Q: Is it true you don’t support the new Tour de Colorado bike event?
A: There was a proposed additional bike race that was brought forward to us recently by the organizers. They were looking for city funding. I haven’t seen a business plan or a budget. I want to know, how the group is organized and where the proceeds will go. The event was scheduled for June, so it was a short time frame. It would be both a closed and an open course race. There’s a liability risk there. What I have said to City Council is we’d like to see this prospective race and a list of other events that could be considered for 2013 and beyond. We should be looking at what possible events we should add to attract people and expand tourism. Rather than committing tax dollars to an event that looks like it needs more time, let’s look at all events we should consider for 2013. We need to look at the return – not just interesting ideas. It needs more study.
Q: What can we do to engage young professionals to stay?
A: We’re having a continuing dialog. What can we do as a city to stimulate young people to stay here? Think about the concept of a free agent zone. People who could live anywhere but need support. Maybe it’s a downtown area with high speed internet access, affordable health care offerings, build cool lofts, get Trader Joes, etc. It’s a puzzle that needs to be put together one piece at a time.
Q: Why is downtown, downtown? Why not put more downtown activities near an actual center of the metropolitan area?
A: Successful cities have a downtown. Suzi and I love Pine Creek, but for the first time in my life I can’t see downtown and feel a bit disconnected in some ways. We need to honor every part of our city. We have a lot of great neighborhoods and I think downtown core vibrancy is paramount to long term success. At the same time, we need to find ways to revitalize South Academy. We’ll be losing 250 jobs when the Fountain/Academy Postal Distribution Center closes. We’ll need to find a way to get jobs there. Manitou is important. So is Old Colorado City. Each area is important, but we need downtown as the hub.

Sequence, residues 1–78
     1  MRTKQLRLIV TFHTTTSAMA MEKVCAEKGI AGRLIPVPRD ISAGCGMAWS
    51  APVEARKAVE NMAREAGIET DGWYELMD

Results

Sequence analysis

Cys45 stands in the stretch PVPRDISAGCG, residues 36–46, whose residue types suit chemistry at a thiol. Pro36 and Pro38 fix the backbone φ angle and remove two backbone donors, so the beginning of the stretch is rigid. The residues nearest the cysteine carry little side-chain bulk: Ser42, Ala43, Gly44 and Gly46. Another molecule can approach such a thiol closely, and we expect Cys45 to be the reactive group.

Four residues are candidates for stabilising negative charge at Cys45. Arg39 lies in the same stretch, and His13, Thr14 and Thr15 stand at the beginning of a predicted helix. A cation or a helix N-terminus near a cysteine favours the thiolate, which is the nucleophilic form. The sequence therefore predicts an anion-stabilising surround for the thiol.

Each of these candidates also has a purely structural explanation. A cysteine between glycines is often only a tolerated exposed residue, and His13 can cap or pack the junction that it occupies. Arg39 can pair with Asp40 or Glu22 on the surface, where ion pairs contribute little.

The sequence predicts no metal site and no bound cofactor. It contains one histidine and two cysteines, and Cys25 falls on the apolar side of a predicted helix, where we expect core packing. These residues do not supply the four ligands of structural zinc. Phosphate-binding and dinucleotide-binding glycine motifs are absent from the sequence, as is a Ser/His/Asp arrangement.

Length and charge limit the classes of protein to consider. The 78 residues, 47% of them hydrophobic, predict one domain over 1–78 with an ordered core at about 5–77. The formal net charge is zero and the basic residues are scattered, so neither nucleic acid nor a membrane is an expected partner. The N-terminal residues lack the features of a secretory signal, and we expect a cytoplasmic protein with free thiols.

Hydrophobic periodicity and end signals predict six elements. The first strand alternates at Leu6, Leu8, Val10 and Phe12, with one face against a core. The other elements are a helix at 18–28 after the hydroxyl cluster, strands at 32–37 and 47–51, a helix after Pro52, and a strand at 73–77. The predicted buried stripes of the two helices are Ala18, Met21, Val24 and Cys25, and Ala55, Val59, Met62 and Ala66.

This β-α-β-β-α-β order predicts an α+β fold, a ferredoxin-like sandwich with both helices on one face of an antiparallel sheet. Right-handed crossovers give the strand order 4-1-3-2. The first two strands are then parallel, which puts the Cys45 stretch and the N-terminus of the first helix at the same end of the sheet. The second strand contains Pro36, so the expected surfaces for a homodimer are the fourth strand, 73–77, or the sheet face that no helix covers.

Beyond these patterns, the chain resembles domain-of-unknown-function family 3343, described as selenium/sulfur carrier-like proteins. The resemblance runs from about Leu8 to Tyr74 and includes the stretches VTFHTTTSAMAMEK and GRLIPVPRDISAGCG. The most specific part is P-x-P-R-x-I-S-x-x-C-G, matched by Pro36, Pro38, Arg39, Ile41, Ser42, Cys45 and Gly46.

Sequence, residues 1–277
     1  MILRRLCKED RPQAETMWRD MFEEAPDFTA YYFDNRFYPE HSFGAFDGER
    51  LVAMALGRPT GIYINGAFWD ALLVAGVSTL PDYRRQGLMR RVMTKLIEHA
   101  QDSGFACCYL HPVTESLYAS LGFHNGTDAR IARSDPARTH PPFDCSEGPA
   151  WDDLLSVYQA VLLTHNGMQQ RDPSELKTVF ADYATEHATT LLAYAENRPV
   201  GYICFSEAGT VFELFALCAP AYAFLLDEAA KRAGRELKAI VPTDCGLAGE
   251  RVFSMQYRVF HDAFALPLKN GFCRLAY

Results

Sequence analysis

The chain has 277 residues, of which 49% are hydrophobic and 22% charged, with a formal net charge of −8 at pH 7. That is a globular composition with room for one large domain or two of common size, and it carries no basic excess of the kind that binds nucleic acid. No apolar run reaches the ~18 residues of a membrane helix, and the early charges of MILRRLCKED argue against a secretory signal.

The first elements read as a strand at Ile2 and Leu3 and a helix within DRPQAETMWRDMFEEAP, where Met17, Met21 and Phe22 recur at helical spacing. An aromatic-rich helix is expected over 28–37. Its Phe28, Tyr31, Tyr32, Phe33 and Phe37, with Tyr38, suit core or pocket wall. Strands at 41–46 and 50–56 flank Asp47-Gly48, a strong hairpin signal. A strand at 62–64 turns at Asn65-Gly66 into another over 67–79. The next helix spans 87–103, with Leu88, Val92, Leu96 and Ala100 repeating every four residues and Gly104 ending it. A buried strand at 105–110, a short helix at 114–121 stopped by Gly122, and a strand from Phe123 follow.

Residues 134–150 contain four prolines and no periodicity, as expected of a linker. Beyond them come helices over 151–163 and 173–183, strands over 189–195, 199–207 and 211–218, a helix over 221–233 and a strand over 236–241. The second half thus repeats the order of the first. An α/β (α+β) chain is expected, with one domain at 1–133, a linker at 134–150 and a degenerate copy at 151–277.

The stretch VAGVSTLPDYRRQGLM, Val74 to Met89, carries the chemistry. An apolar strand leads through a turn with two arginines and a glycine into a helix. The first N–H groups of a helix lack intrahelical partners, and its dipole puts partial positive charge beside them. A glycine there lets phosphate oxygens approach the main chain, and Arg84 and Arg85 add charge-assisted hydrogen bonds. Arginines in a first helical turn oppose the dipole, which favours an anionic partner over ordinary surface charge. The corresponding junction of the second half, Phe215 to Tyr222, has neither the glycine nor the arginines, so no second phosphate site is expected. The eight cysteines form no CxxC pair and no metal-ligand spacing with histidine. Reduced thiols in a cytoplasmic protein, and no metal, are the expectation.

Q: What are plans for developing the southeast part of the city to bring large businesses to the area?
A: Steve Cox and I are trying to create a test case. We’d like to convince a large landowner to donate some land – maybe 15 acres – then give the landowner a gift letter for tax purposes. We’d convince Council to have Utilities waive the development and tap fees, abate real property tax and business personal property tax. As a test case, can we attract a primary employer to that side of town? We’re on the bubble with the defense industry. We are being proactive.
Q: Can you identify some citizen leaders we can contact to volunteer our time?
A: Donna Nelson, Economic Vitality and Innovation Specialist. If you are interested in committing your time, contact Donna.
The Mayor closed by saying, “It’s time for all of us to step forward. It’s time for reinvention and innovation. We need to make changes or we will become insolvent and we will make changes, but we can’t do it all. We need partnerships and if you love this place, find a way to help. Give us an idea. Give us criticism, but give us a solution with it. This is a great place and we have great people.”
NOTE: Read Part Three of the Mayor’s Town Hall Meeting summary and responses to audience questions here. The next Mayor’s Town Hall Meeting is scheduled for Wednesday, May 2, 2012. Location to be determined.